The recently defunct Florent is still remembered as a panacea of cross-cultural, inter-generational, omni-sexual utopianism in the form of an all-night diner. Maybe it’s just that I’ve seen a certain number of documentaries about beloved and/or infamous Manhattan establishments, but at a certain point during Florent: Queen of the Meat Market I began to wonder if every dumpy little dive that ever set up shop within the vicinity of Greenwich Village qualified for the cultural crown, simply by virtue of being at the epicenter of that aforementioned panacea. I mean, really, is this not just a place where you could get eggs and bacon at 5 a.m. on a weeknight and still expect to maybe have that rare thrill of getting asked by a transsexual hooker no longer particularly compelled to tuck their dick in if you could please pass the hot sauce? Yes, you could sometimes find yourself sitting next to Andy Warhol or Ethan Hawke or Julianne Moore, but couldn’t that be said of any other nearby establishment? I’m sure you really had to be there, but was everything in this neighborhood more important and relevant than anything in any other neighborhood ever?
As it turns out, Florent makes an equitable case that, yes, this glittery greasy spoon situated next to the meatpacking district and, not coincidentally, a handful of thriving leather bars represented the perfect confluence of elements that define the New York experience. Or at least it once did. Florent Morellet, a self-described American who just happened to be born in France, was the spatula-wielding impresario who managed the restaurant for 23 years during the city’s apocryphal period from disco through the AIDS crisis. Morellet announced his HIV-positive status in the late ‘80s, a move that the documentary depicts as a breakthrough in visibility. Eschewing that era’s paranoia, Morellet would sometimes jocularly post his T-cell count on the daily specials board, which is endemic of the spirit of his creation.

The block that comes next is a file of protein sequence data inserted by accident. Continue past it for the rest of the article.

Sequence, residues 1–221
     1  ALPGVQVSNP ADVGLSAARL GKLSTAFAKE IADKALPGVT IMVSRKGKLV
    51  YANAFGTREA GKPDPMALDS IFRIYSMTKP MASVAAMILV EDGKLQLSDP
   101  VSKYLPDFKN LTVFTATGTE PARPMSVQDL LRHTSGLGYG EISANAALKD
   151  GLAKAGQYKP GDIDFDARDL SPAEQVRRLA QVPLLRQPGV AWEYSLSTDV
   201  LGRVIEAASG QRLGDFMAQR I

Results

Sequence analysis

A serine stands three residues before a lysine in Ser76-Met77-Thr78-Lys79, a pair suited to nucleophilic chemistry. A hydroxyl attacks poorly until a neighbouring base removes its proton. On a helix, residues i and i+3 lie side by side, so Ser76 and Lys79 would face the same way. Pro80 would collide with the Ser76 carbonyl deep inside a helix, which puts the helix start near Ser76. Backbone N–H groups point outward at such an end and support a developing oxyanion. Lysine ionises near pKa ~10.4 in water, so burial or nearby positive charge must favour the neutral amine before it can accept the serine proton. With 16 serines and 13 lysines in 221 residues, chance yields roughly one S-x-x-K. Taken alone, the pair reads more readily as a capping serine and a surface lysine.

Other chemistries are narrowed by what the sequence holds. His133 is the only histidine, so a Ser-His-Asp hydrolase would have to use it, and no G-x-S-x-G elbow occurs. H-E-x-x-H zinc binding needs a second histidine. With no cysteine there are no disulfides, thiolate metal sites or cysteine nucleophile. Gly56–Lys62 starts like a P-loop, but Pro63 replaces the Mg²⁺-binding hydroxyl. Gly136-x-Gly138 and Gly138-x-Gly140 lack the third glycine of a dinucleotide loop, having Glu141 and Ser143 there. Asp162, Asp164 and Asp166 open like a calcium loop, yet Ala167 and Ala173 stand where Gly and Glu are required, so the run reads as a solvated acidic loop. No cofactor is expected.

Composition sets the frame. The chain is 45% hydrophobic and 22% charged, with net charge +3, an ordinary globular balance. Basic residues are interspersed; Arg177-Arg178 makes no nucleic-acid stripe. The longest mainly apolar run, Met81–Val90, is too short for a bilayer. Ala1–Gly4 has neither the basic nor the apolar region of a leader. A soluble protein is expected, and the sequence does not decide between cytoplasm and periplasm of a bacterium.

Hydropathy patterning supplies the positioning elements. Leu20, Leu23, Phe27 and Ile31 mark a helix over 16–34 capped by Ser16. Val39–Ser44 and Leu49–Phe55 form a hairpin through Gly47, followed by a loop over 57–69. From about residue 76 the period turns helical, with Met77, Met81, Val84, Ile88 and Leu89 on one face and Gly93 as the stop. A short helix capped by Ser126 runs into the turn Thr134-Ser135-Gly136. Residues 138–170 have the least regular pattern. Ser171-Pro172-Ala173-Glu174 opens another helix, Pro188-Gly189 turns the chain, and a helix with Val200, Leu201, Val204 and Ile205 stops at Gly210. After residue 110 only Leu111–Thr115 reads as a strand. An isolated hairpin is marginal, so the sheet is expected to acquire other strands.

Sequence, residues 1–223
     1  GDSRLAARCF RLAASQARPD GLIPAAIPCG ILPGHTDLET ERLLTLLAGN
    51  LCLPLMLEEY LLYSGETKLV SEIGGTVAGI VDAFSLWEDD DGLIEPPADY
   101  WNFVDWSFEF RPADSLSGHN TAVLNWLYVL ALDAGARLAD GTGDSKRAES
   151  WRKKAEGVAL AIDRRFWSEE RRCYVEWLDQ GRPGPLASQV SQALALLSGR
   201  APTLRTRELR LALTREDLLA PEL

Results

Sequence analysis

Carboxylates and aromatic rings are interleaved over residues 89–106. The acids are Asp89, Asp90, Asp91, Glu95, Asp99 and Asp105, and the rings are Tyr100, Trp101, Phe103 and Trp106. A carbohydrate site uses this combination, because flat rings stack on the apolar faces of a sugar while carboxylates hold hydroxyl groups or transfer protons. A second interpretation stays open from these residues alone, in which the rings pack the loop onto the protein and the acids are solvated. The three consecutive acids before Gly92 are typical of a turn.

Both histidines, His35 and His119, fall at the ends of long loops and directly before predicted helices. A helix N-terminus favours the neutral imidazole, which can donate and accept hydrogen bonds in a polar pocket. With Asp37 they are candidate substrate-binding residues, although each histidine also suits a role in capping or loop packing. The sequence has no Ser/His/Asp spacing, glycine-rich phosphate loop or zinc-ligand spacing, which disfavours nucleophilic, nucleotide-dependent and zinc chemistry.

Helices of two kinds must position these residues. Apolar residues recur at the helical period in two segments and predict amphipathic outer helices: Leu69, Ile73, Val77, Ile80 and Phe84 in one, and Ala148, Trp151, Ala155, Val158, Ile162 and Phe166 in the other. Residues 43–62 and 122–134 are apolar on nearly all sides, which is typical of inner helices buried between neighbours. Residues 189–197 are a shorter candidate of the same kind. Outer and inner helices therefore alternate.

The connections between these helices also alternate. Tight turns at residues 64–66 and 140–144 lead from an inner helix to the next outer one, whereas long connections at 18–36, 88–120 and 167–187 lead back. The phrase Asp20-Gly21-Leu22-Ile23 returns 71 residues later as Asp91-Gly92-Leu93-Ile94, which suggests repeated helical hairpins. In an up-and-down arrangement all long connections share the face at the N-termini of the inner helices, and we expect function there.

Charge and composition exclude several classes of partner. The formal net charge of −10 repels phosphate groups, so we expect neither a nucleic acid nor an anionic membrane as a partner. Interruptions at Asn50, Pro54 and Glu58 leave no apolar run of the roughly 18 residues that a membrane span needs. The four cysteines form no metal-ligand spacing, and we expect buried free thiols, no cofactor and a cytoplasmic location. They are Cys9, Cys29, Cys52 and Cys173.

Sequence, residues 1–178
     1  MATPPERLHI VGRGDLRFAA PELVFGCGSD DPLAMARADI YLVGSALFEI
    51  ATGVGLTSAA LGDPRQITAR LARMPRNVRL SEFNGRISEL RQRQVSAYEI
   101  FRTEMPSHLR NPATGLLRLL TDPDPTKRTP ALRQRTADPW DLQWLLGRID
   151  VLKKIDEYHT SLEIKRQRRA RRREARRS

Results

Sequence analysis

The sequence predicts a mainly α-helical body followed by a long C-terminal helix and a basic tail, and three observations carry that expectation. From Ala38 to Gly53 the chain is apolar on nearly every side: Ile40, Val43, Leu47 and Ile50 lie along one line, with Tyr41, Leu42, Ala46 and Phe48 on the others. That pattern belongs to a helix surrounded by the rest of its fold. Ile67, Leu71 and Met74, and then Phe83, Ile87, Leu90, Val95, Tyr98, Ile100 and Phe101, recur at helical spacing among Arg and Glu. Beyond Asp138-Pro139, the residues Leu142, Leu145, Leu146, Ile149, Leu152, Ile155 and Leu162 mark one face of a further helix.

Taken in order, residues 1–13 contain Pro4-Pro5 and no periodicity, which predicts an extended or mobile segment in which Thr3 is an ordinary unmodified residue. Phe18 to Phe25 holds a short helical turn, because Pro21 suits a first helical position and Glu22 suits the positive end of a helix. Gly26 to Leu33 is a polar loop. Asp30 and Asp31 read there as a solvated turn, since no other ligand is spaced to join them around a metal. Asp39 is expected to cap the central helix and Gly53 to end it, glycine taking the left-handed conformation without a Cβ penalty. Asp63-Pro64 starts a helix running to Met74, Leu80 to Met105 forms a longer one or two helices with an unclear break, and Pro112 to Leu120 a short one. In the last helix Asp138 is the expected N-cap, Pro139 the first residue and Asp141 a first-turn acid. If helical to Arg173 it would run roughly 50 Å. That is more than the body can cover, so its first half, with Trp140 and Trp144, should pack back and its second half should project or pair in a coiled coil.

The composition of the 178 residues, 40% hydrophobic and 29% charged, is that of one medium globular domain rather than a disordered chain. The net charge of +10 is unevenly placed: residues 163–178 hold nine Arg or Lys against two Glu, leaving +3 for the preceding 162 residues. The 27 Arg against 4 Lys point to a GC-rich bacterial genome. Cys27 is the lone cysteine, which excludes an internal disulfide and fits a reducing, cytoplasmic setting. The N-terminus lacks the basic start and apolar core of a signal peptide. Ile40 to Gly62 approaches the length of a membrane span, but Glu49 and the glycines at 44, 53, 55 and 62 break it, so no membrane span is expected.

David Sigal’s documentary may not quite manage to canonize the diner, at least not to flyover country, but it sure makes it sound like a good meal and a great time. More importantly, though, Florent‘s depiction of the diner’s closure amid a New York City caught up in brutal, remorseless gentrificaton manages to bring a first-person urgency to a story I’m sure we’ll keep on hearing until nothing is left but a series of colorless, chain-owned, no-shirt-no-shoes-no-tucking establishments.